Under Pressure

Since CropLife magazine (and its predecessor, Farm Chemicals) first started tracking information on the nation’s best-selling inputs among top retailers 23 years ago, crop protection products have consistently led the pack. As recently as 2000, the crop protection products segment represented just under half of all crop input sales. In the 2005 CropLife 100 survey, the category increased 3% to $6.1 billion, continuing an upward trend that began in 2004.

Despite these winning years, however, there were signs that the crop protection products category was beginning to lose some of its market steam. In 2003, for instance, revenue fell 2%. Sales were equally uneven in 2001 and 2002 as well. For the most part, retailers blamed the down years on a continuing trend by grower-customers to replace crop protection products with seed traits. Many market observers were on record predicting that the time would eventually come when the segment would lose its leadership spot among its fellow crop inputs. That time has apparently arrived.

Based upon the data collected in the 2006 CropLife 100 survey, the crop protection products category saw its sales drop 13% from the 2005 total ­— down a steep $821 million. Market share now stands at 39% — below the percentage for fertilizer for the first time since the 2000s began.

“In 2006, we finally saw what we had been fearing — a mass shift and decrease in crop protection,” says Jim Shelton, agronomy division manager for Landmark Service Cooperative, Cottage Grove, WI. “We saw a $1.2 million shift from preemergence products to post-glyphosate products, plus a nearly $1 million decline in sales.”

Other retailers reported a similar experience with their crop protection sales in 2006. “There was big pressure on margins this year,” says Peter Vail, president of Carolina-Eastern Vail, Inc., Niverville, NY.

Hurting Segments

To illustrate just how widespread and gloomy things were for the crop protection products category in 2006, consider the performances of its individual segments — herbicides, fungicides, and insecticides. In the 2005 CropLife 100 survey, all three segments recorded healthy sales upticks. According to retailers in that year’s survey, fungicide sales were up for 72% of respondents, 56% recorded insecticides sales increases, and 53% had herbicide sales growth.

The numbers weren’t near as kind in 2006, however. Performing best was still the fungicide segment, where 44% of retailers recorded some kind of sales increase compared with 30% seeing sales declines and 26% having neither an increase or decline. Based upon the data, the fungicide segment continues to benefit from fears of a serious outbreak of Asian soybean rust and grower-customers using such products to improve their plant health possibilities. In fact, according to the survey, 75% of CropLife 100 retailers said their grower-customers were using fungicides as a way to improve overall plant health.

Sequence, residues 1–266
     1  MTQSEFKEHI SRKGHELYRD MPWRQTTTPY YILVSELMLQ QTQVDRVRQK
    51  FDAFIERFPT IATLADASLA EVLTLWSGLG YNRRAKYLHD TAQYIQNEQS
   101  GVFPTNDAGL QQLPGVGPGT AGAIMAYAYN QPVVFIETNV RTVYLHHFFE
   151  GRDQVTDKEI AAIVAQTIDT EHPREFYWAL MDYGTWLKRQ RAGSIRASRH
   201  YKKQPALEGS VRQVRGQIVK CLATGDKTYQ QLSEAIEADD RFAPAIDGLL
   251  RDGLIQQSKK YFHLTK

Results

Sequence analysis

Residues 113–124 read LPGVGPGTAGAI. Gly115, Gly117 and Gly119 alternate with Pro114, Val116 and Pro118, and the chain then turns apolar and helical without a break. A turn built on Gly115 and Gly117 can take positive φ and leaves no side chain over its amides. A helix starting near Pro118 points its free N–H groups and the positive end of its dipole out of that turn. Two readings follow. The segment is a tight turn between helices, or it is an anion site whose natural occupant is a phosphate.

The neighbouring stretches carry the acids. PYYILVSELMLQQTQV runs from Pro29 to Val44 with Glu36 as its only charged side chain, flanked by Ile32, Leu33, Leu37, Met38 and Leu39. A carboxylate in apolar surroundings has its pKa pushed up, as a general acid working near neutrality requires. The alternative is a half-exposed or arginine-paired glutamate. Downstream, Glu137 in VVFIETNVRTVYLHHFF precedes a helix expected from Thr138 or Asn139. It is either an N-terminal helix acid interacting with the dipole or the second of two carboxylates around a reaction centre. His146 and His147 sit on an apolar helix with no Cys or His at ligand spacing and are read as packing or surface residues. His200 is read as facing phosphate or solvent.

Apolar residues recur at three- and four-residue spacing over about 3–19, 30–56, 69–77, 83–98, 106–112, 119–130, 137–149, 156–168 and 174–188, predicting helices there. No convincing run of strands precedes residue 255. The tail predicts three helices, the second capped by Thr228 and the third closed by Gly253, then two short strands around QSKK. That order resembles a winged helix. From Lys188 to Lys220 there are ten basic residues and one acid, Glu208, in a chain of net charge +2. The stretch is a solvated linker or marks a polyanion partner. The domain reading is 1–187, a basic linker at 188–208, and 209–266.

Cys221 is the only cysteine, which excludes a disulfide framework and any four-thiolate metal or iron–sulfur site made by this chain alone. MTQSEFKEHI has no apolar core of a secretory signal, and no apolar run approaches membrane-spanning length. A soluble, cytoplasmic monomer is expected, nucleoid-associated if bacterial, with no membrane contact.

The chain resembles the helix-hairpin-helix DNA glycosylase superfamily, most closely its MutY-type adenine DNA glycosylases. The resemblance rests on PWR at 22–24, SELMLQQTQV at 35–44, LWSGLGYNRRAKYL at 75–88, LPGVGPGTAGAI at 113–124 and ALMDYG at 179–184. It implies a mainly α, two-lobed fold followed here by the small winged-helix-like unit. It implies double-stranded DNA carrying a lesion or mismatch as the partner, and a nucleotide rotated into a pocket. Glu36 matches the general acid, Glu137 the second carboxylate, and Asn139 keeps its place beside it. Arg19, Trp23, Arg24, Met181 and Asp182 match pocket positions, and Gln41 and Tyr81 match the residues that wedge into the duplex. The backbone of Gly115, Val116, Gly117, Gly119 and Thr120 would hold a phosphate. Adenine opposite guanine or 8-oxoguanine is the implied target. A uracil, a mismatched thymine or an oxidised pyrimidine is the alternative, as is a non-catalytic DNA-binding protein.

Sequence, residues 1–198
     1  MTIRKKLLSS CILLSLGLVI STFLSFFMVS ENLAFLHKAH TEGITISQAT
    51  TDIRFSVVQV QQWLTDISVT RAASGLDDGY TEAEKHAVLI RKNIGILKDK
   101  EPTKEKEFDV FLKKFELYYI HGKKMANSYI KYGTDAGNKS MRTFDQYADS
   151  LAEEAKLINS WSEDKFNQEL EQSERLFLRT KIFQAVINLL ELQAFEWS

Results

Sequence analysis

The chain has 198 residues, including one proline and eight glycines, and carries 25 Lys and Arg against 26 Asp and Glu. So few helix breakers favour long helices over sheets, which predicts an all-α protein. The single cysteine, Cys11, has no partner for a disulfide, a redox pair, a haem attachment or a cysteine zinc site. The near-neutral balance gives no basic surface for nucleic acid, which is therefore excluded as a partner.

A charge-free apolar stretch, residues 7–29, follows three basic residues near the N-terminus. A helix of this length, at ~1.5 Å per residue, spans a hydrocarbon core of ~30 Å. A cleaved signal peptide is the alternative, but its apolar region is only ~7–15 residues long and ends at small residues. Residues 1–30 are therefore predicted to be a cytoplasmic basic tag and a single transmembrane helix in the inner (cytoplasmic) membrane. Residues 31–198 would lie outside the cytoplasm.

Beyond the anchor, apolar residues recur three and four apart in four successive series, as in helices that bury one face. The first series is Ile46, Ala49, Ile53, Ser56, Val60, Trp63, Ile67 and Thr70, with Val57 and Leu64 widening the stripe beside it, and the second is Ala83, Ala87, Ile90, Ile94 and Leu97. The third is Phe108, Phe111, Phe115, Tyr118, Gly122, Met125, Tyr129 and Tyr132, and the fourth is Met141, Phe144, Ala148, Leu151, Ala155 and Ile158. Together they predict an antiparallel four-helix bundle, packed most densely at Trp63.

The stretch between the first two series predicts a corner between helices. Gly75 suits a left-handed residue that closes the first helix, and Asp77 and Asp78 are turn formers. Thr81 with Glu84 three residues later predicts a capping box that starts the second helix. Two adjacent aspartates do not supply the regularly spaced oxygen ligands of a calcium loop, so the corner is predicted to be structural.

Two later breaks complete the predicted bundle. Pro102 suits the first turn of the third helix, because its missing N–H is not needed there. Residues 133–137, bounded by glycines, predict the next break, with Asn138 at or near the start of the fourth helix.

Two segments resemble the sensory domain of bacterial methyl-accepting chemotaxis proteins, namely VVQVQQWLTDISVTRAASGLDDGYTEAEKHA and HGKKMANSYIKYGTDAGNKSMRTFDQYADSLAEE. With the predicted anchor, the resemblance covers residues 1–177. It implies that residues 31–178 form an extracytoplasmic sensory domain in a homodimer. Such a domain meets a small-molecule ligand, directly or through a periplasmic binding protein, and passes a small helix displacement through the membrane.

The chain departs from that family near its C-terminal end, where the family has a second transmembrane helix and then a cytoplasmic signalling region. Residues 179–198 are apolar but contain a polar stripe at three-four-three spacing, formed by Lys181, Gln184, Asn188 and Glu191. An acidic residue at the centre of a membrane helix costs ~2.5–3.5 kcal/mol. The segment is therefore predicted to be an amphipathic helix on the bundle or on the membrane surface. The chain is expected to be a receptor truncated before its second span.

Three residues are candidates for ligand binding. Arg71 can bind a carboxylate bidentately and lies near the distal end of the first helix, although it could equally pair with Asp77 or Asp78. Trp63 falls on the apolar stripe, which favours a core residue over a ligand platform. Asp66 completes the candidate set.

The herbicide segment performed next best. The number of retailers seeing sales improvement in 2006 stood at 42%. Unfortunately, an almost equal percentage — 41% — saw sales declines in herbicides. As in the past few years, retailers tended to blame declining margins due to the influx of post-patent products (particularly glyphosate) for much of this sales drop.

By far the worst hit among crop protection product segments in 2006 were insecticides. In this segment, the majority of CropLife 100 retailers — 52% — recorded a sales drop. Only 37% had sales increases and 11% had sales identical to their 2005 totals.

The Post-Patent Equation

In many instances, CropLife 100 retailers see post-patent products as one of the primary reasons the crop protection products category is losing revenue. “The percentage of generic product entries is causing price erosion,” says Steve Dugo, manager for Mid Valley Agricultural Services, Linden, CA.

However, despite this view, the majority of CropLife 100 retailers do business with post-patent suppliers. In fact, according to the data, 86% of respondents purchased crop protection products from these companies, up from 79% in 2005. When asked what percentage of crop protection sales in their markets were post-patent entries, respondent totals ranged from 2% to 80%. On average, almost one in five crop protection products (24%) is represented by a post-patent entry.

As for why retailers conduct business with post-patent producers, 97% of respondents said this was based strictly on price. Twenty-six percent marked product quality as their No. 1 deciding factor when picking which post-patent products to carry. Sixty percent marked both price and quality as their deciding factors.

In terms of which post-patent companies CropLife 100 retailers dealt with in 2006, not much has changed in the past year. As in 2005, Makhteshim Agan of North America was the top post-patent supplier in 2006, with 53% of respondents listing the company as their major product supplier. In second place was Cheminova at 41%, up 10% from its 2005 percentage. Other major post-patent suppliers included United Phosphorus Inc. at 32%, Sipcam at 26%, Albaugh and NuFarm at 17% each, and Agriliance at 12%.

Given this overall performance in 2006, most CropLife 100 retailers are pessimistic the crop protection products category will recover much of its lost ground going into 2007. “The No. 1 challenge facing our company preparing for the 2007 season is the devaluation of crop protection products,” says Pat Avery, senior vice president and general manager, retail businesses for Simplot Grower Solutions/J.R. Simplot Co., Boise, ID.

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